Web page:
Blow hot, blow cold
ONE of the hottest debates in palaeontology is whether dinosaurs were warm-blooded like humans or cold-blooded like reptiles. Scientific opinion has so far favoured the latter view, but 2 researchers claim they found a 67-million-year-old Tyrannosaurus rex fossil to be remarkably warm (Science, Vol 265, No 5169).
The "thermometer" used by palaeontologist Reese E Barrick and geochemist William J Showers from North Carolina State University was the proportion of oxygen-16 and oxygen-18 isotopes in the bones of the ferocious dinosaur. The ratio of the 2 isotopes within the bony tissues changes with temperature: there is relatively more oxygen-18 when it's colder. These isotopes get into the bones from the surrounding body fluids.
Barrick and Showers reasoned that the isotopic proportions in bones in different parts of the dinosaur's body could serve as a gauge of the temperature of various body parts. Their analysis showed that the beast's temperature was stable and uniform throughout. "Tyrannosaurus rex was maintaining a body temperature in its core and extremities that varied by 4oC or less, which means it was warm-blooded," says Barrick.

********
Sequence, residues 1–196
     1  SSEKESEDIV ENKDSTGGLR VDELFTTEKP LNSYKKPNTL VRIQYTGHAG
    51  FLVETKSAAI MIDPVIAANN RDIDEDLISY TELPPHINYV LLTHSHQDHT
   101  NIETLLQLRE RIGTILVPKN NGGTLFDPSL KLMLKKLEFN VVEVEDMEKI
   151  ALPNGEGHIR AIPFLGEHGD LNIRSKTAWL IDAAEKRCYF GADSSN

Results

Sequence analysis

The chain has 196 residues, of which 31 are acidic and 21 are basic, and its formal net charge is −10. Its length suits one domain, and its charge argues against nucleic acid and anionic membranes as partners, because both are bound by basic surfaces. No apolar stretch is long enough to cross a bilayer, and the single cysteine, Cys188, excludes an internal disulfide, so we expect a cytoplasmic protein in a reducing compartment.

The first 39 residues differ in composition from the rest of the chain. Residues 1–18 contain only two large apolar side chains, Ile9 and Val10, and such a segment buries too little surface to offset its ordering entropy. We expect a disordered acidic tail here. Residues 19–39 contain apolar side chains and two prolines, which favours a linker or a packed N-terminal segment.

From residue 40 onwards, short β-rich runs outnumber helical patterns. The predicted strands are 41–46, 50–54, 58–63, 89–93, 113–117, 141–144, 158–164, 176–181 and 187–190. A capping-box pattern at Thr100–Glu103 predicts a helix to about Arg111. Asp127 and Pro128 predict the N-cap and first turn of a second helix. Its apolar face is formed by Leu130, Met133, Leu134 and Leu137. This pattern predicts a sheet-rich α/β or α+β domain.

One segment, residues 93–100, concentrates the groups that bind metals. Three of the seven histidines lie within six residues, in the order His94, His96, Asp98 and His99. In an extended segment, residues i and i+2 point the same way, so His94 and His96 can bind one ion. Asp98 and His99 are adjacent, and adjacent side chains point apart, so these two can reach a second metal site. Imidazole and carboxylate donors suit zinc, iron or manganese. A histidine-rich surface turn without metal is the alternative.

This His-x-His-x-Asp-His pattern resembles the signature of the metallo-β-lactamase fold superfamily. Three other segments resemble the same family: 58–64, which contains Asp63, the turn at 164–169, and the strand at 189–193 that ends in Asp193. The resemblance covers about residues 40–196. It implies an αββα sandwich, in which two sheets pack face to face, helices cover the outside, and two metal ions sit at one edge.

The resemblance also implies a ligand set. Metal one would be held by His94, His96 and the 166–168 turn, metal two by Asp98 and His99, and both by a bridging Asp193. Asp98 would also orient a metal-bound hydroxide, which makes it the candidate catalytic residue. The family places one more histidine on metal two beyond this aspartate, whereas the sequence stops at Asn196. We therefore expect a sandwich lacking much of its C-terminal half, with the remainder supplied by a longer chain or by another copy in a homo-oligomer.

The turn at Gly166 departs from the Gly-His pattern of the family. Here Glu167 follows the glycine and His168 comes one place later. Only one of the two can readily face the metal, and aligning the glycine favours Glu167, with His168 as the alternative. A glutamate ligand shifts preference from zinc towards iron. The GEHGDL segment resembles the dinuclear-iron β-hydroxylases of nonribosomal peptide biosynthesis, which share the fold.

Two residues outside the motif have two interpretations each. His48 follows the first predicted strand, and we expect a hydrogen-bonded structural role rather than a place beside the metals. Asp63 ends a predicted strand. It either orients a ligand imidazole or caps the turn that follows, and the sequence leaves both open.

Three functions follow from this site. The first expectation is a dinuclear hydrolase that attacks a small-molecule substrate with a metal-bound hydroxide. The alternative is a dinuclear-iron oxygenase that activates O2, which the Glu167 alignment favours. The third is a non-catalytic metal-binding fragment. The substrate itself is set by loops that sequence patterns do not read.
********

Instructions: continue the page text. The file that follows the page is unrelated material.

Barrick and Showers tested their technique on a cow and a Komodo dragon, a large lizard found in Indonesia. They found little disparity between the temperatures of the cow's leg and rib bones, whereas the Komodo dragon's tail bones were up to 9oC cooler than its ribs.
However, Showers and Barrick's work doesn't have many takers. Most still consider dinosaurs to be reptiles and even those who favour warm-blooded behemoths admit the isotopic evidence is far from unequivocal.
The problem, says Yale University's John Ostrum, is that the isotope ratio can altered during the mineralisation that changes bone into fossil. But the researchers argue that the T rex's internal bones show little fossilisation.